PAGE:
Is the It girl finally (finally) over? – M & S
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Is the It girl finally (finally) over?


Ever since the rise of red carpet reporting, everything has been about being or having an “It.” For men, it was sporting a deflated bowtie (the It accessory!) or owning some form of tapered denim (the It pant!). For women, the It list was an endless vortex of interchangeable items and looks: the slouchy tote, Warholian nail art, a French fry phone case—all of it was dictated by some unidentified being who said ‘It’ was the shit. But in an interview earlier this week, actress Brie Larson made headlines by refusing to be referred to as anything close.

A common It girl fallacy is that the title started 10 to 15 years ago, a time when street style began to bubble up into the mainstream. However, we started calling grown women It girls back in 1927. Silent film actress Clara Bow was the first one to get the thorny crown as she led a legion of ladies into a type of special fame chosen exclusively for the young, beautiful and gifted set. In the 2000s, there was less of a graceful approach to the It label, and an onslaught of creepy infantilizing issues came with it. It girls kept getting younger, more conventionally attractive, less talented and less interesting. A whole Hollywood machine began to build the myth of the It, and soon it became as dizzying as Tinder on a Saturday night—talents got swiped right at Formula 1 speeds.

“There is a large segment of the population that enjoys the It girl trope,” says Anita Clarke, the Canadian blogger behind the popular site, I want, I got. “The trope is still around for a reason—because it sells product.” Clarke isn’t kidding. It is typically during an actress’s first big break that she gets called an It girl or ingénue, and when she signs her first big fashion or beauty contract. “Rarely is the It girl only lauded for accomplishments outside of choosing the right outfit,” says Clarke. “Which is usually more smoke and mirrors as the reality of the It girl’s beauty and fashion team is never talked about.”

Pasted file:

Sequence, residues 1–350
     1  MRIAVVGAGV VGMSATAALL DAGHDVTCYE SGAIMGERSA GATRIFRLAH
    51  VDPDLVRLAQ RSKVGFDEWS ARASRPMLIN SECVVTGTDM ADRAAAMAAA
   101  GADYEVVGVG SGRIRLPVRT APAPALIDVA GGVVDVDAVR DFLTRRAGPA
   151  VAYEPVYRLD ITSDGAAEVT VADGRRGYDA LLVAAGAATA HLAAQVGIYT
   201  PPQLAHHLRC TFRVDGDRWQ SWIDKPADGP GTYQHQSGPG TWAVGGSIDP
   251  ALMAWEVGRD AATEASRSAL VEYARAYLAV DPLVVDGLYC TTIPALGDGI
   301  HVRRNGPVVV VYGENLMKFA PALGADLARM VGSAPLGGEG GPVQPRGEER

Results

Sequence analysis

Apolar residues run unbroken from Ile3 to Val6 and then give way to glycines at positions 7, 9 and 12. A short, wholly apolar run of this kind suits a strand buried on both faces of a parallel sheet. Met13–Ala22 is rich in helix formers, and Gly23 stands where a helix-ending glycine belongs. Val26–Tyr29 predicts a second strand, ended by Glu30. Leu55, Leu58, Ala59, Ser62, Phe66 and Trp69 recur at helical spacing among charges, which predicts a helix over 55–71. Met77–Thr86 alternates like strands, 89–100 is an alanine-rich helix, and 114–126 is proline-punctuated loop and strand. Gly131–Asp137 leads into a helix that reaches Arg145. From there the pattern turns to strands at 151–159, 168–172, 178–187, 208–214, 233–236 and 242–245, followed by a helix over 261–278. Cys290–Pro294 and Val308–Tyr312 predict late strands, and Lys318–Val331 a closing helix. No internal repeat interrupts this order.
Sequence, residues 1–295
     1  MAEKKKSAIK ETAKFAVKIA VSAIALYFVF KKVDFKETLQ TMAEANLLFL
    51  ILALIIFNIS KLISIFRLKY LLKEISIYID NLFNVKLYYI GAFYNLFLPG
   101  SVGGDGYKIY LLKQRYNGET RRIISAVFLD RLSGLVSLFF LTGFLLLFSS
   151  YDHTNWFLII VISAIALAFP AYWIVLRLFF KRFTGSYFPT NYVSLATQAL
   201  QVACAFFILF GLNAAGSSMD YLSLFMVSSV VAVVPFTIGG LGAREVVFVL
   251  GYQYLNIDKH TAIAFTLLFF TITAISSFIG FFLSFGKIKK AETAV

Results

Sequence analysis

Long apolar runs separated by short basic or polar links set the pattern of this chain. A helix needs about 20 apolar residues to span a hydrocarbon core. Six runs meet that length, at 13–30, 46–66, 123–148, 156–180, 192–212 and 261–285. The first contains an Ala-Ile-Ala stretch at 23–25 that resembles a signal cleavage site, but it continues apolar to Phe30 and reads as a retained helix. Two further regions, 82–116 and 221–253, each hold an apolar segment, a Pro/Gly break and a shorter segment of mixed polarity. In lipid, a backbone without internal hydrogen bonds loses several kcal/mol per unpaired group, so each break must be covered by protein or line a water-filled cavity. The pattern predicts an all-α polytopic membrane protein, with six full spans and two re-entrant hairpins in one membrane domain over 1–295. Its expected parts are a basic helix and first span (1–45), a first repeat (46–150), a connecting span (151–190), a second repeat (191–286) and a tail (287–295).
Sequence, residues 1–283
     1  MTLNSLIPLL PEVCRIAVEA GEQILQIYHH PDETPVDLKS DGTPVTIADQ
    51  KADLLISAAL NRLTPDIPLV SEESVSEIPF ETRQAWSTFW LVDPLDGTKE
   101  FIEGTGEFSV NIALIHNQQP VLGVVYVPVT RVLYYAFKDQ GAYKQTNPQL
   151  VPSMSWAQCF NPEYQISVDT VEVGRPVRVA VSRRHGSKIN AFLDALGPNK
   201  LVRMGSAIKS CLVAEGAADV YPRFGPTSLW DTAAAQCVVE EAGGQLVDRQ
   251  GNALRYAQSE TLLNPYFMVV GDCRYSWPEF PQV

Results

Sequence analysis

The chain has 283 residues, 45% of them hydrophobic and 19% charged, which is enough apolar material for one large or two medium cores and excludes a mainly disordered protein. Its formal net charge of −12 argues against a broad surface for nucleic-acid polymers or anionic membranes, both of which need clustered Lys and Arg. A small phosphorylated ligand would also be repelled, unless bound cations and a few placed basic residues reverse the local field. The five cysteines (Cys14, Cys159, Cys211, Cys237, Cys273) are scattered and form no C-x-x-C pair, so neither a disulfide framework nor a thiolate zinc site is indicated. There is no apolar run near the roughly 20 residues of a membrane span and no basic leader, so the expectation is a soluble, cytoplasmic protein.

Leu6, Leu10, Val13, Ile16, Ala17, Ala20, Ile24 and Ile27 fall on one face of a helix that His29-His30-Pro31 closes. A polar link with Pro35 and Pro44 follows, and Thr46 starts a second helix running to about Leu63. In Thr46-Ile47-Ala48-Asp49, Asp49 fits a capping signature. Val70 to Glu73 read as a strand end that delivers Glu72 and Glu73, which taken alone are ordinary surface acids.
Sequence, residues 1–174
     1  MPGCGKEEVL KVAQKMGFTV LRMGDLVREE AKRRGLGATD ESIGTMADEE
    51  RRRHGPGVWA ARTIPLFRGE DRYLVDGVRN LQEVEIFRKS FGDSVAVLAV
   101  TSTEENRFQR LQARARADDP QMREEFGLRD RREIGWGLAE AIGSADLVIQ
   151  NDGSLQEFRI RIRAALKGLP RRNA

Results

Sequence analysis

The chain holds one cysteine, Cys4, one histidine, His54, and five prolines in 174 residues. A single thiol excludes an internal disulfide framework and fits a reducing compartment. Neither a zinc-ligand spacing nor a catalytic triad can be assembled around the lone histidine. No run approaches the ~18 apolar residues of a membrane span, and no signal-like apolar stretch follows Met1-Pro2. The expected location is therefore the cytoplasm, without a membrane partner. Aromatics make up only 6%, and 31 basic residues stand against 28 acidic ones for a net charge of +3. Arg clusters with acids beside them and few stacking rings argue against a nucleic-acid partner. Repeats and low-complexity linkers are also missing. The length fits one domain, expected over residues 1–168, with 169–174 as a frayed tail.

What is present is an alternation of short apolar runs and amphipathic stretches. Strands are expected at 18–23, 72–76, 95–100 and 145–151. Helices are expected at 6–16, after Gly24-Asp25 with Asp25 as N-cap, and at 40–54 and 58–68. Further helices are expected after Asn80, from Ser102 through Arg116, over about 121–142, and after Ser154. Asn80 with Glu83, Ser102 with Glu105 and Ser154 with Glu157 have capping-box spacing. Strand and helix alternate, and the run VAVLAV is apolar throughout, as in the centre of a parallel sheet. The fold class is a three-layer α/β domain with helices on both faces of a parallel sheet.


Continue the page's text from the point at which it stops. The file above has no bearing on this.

Fortunately, a whole new generation of women—specifically actresses such as Larson—are having none of “It.” While doing an interview for CBS News Sunday Morning to help promote her Oscar-baiting breakout film, Room, Larson was asked a about being an ‘It’ girl on air. Larson’s face was more telling than her words (“What is It? When do I lose It? When I get It?” she asked the interviewer). “It was as if someone were speaking to her in another language,” says writer and cultural critic Rachel Giese, who has spent more than two decades profiling talented women like Larson.

Giese says that the title is downright shady. “It’s a way of complimenting a woman and simultaneously disempowering her. It’s a way to call a woman out for being emblematic of a particular moment, but it’s a designation that assumes that it’s fleeting. It assumes that it’s about trendiness rather than something enduring.” The title speaks to the old-fashioned ideas connected to what begets a leading lady. “It is presented as a Pageant crown that is stuck on a head that is meant to be taken away after a certain time has passed,” says Giese. “In an era when we are talking increasingly about diversity and diverse communities of people, to decide that one person to represent us all doesn’t fit with the reality of young people.”

Clarke also believes the ‘It’ title seems outdated and pointless. “I grow tired of labels like It girl, and I’m surprised it has lasted as long as it has,” she says. “It’s as inexplicable to me as like thinking Sex in the City is still relevant today. I use the term as a joke nowadays.”

One of Canada’s leading casting directors, Sharon Forrest, says, that the It title has nothing to do with whether someone gets a job or not. When tasked with casting Orphan Black, Forrest had five other actresses go up against the series star, a then-unknown named Tatiana Maslany. One of her competitors was considered an ‘It’ girl but Forrest didn’t pay it any mind. “I’m always looking for the right person for the job, hype doesn’t come into play at all,” she says.

“People that use the term are forgetting the reason why there’s an ‘It’ associated with the person they are talking about,” Forrest explains. “Actresses don’t come out of the wilderness ready to play a role. A lot of time is devoted to actually crafting their craft.”


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